Hint:

    ```bash
    ssh first.lastname@10.79.2.191 -p 8022
    cd myFirstFolder
    ls -al
    ```

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## Command line tools and parameters
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***
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Let's do something fun!

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On our server, we will download a zip file and unzip the contents. Ready? First, let's understand the zip command.
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* Connect to the server
* Go to folder `myFirstFolder`
* Zip the two files you created

```bash
zip myArchive.zip myFile.txt file3.txt
```

* Check the contents of the zip archive

```bash
unzip -l myArchive.zip
```

Couple of notes:

* `-l` is a parameter. You can see what these parameters mean by doing `man unzip`.
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Let's move on.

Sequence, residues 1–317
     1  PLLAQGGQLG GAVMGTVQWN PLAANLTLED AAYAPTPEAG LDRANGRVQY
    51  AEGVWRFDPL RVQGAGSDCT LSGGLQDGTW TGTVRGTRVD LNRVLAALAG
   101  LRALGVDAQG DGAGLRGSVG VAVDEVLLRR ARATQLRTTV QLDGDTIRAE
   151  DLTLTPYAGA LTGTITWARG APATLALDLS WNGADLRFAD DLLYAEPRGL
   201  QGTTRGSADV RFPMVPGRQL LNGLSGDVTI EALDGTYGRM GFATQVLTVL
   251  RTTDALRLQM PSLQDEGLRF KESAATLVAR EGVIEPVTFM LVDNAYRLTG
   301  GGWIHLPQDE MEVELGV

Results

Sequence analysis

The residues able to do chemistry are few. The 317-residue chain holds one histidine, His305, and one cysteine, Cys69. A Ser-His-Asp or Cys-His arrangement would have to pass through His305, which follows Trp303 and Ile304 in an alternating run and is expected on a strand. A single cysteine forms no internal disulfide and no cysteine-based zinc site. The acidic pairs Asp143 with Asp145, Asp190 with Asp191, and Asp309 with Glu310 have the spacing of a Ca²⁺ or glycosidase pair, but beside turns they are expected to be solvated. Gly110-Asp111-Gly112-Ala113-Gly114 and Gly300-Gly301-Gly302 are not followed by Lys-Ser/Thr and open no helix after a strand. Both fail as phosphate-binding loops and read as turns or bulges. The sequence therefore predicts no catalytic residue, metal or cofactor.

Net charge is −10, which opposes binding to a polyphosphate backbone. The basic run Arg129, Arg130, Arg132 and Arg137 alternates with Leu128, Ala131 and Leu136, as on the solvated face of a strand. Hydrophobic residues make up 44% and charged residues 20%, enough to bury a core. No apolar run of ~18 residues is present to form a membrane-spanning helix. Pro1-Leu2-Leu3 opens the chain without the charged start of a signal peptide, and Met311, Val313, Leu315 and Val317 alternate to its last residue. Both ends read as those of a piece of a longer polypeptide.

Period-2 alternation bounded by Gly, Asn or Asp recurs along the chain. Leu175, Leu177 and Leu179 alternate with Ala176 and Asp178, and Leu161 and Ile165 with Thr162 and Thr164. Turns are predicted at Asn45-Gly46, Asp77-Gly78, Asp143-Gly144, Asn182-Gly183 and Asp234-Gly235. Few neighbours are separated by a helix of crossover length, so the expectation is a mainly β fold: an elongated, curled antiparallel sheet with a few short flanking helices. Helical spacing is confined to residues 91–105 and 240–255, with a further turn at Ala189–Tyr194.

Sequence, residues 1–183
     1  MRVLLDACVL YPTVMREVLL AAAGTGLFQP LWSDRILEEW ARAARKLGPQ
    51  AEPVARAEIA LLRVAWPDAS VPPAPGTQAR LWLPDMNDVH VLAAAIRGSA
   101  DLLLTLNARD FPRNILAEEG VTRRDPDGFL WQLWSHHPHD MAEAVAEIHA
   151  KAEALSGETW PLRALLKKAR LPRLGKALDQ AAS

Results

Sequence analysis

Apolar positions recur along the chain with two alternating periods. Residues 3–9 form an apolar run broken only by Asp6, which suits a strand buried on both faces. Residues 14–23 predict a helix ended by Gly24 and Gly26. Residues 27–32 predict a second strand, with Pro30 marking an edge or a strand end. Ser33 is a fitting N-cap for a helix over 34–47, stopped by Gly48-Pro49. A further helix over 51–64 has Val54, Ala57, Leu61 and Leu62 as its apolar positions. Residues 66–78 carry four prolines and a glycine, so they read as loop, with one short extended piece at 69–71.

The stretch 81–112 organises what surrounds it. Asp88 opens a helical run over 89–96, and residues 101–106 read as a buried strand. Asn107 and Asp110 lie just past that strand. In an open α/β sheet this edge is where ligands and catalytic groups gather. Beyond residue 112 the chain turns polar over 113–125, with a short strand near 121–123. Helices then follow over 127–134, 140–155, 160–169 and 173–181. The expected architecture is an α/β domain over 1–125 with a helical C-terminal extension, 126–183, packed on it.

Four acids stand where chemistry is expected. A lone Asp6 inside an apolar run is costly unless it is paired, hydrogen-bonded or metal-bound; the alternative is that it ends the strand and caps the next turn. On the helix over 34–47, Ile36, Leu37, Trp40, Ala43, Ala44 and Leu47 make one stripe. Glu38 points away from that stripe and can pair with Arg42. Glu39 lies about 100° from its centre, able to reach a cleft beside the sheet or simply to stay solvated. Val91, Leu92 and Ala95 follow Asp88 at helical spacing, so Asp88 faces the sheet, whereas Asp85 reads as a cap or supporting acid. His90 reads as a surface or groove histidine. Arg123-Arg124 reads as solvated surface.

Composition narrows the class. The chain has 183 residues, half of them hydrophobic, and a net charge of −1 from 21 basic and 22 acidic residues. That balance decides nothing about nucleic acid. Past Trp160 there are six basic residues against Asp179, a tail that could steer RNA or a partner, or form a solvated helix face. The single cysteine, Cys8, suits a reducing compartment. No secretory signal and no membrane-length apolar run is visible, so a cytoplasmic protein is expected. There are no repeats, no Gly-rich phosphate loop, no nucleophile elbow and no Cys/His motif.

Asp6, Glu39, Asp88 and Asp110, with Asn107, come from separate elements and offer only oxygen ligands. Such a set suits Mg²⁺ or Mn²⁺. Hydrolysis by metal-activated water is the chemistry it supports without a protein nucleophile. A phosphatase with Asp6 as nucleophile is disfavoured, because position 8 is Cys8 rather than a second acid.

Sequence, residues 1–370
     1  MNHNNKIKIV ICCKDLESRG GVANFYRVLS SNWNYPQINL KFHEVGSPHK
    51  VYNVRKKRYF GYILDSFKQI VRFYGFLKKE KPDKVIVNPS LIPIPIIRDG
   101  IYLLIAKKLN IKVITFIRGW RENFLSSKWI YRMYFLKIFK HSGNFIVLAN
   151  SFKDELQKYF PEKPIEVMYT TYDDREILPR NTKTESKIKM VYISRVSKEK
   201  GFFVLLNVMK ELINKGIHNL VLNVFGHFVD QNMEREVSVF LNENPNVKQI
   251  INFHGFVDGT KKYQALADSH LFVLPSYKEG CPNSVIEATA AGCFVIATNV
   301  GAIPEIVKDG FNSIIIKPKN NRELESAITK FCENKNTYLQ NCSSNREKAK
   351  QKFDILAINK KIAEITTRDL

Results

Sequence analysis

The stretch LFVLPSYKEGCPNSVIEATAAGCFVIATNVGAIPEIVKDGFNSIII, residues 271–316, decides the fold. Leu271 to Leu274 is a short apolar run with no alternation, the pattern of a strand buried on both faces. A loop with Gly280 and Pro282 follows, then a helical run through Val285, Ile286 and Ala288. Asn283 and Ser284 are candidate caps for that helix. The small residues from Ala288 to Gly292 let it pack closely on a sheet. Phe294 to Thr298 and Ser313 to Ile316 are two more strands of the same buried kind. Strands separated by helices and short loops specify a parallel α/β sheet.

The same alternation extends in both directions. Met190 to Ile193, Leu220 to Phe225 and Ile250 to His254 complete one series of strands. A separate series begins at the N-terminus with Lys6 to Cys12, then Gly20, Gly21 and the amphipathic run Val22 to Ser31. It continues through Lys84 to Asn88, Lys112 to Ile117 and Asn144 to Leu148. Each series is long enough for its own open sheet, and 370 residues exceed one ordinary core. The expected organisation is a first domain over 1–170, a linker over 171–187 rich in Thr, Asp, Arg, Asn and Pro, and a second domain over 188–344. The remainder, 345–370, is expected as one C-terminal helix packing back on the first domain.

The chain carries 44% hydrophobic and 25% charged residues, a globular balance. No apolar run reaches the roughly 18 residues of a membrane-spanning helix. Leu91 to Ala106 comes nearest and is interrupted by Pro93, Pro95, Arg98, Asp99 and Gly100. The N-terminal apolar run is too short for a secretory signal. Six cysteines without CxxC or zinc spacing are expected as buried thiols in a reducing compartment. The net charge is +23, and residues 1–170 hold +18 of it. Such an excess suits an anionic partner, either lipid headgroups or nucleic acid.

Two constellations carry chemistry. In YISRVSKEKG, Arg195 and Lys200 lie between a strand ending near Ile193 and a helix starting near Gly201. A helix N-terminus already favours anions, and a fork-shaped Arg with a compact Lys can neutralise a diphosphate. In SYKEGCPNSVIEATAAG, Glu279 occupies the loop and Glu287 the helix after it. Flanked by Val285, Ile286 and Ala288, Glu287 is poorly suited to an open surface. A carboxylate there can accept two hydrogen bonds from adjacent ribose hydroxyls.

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### Let us download a zip from the Internet and extract its contents
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Let's go:

```bash
cd
wget http://bit.ly/anArchive -O myName.zip
ls
```

* First I check the contents to make sure it's what I wanted:

    ```
    unzip -l myName.zip
    ```

* If I am satisfied, I can safely extract

    ```
    unzip myName.zip
    ```

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## Text editor
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***
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* nano [Tutorial](http://www.howtogeek.com/howto/42980/the-beginners-guide-to-nano-the-linux-command-line-text-editor/)
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* On the server, open the file `thisfile.txt` that you extracted above.


```bash
nano thisfile.txt
```

* Simply start typing and changing contents...

> Do you realize you are currently changing a file in a remote server and it feels like you are using Notepad? Much awesome!

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* When you are done, you can save by hitting `ctrl-o`, and then `Enter`.
* Now you can quit with `ctrl-x`
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* There are many other text editors for terminal only, such as vi, vim and emacs to name a few.
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## File System explore
***
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### Midnight Commander `mc`